Bangladesh exports crocs to Germany next month

January 30, 2010

Bangladesh is going to first-ever crocodile export next month as the country’s lone croc farm has finally obtained permission from the concerned authorities to this end, reports BSS.
‘We have finally got the permission from the Department of Forest on January 21 that paved the way for our croc export,’ Mushtaq Ahmed, Managing Director and CEO of Reptile Farm Ltd told the news agency Friday.
He added: ‘We have sought permission from the DoF to export 67 frozen crocodiles to Germany and import 10 live parent crocs from Malaysia on August 31, but after examining different aspects for about five months, the department at last gave permission.’
Mushtaq also said that their farm was ready to export crocodiles to Germany in December last, but it could not be possible as the DoF did not give green signal to them.
According to the agreement with the Heidelberg University of Germany, he said, their farm is going to export 67 frozen crocodiles ranging from nine inches to five feet in length to the university next month. ‘The university is importing the crocs for research purpose,’ Mushtaq said.
He said that the maiden export of crocodiles from Bangladesh would fetch $1,00,00, ushering in a hope of croc business in the country.
Mushtaq said the farm, situated at Hatiber village under Bhaluka upazila in Mymensingh district, has now 825 saltwater crocodiles, of them, 67 are big size (average length 14 feet) and the rest are small to medium size ( 9 inches to five feet), he added.
After the end of the last year’s breeding season (July- September), he said, 411 baby crocodiles were born at their farm, which was 240 in 2008 and 140 in 2007.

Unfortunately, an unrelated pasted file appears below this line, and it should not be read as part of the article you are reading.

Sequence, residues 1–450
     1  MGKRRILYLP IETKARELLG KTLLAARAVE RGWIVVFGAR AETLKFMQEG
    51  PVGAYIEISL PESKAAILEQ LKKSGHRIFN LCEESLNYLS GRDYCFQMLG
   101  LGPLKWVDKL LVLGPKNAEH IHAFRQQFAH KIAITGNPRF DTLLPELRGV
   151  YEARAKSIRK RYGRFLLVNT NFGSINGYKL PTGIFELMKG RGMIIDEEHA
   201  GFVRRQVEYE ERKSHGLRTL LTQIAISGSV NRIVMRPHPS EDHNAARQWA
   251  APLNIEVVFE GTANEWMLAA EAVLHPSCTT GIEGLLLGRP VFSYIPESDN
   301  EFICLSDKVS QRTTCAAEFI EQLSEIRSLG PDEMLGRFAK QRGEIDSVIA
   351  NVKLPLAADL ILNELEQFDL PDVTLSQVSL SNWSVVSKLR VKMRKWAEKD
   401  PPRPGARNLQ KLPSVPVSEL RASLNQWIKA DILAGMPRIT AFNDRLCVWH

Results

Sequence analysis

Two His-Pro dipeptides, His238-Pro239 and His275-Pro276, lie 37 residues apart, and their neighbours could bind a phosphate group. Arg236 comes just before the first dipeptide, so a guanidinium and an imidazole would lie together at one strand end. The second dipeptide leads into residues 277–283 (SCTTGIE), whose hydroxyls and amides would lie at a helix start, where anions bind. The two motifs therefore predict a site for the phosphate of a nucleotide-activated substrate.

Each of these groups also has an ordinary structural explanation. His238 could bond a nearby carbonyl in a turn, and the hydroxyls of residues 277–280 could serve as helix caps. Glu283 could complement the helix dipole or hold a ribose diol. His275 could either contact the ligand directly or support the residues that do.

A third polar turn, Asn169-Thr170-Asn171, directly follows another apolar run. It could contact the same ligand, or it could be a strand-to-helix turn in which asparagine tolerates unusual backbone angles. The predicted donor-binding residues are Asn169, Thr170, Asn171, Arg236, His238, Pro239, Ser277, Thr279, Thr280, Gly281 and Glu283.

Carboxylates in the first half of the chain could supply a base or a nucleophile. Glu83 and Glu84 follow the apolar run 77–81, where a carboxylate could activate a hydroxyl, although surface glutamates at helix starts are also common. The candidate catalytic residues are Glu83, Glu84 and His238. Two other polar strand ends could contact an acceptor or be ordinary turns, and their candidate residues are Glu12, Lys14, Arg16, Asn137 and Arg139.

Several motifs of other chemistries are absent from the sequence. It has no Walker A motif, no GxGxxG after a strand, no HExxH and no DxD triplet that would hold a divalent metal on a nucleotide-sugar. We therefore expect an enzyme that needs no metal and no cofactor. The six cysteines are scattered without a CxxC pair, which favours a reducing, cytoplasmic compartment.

He along with Mesbahul Huq, a pharmacist, set up the croc farm at Hatiber village on 15 acres of land.
While the project is Mushtaq’s brainchild, it was Huq’s investment that helped turn the dream into a reality.
The two entrepreneurs were aided in their maiden venture with technical assistance from South Asian Enterprise Development Facility and with financial support from the equity and entrepreneur fund unit of Bangladesh Bank. RFL also received assistance from Southeast Bank Ltd.
The duo brought 75 reptiles ranging from 7 feet to 12 feet in lengths from Malaysia for commercial breeding of crocs at a cost of Taka 1.25 crore. Of them, eight died on the way to the farm established in October 2004.
Mushtaq said they set up the farm with an aim to export over 5,000 pieces of crocodile skin annually and create a base for earning up to US$ 5 million by 2015.
Different countries, including France, Germany, Italy and Spain, have shown keen interest in importing croc skins from their farm, he said, expressing hope that their farm would be able to export 500 croc skins by next two or three years.
He said there is a huge demand for croc skins, meat and bones in Europe, America and other developed countries like Australia, Japan, Singapore and China, and charcoal made from crocodile bones is indispensable to the global perfume industry. To meet this demand, he opined, more croc farms could be set up in Bangladesh.
Mushtaq, however, stressed the need for simplification of the procedures by the concerned department for exporting crocs from Bangladesh, saying that otherwise none would come forward for this unconventional business.

Image Courtesy: NewAgebd

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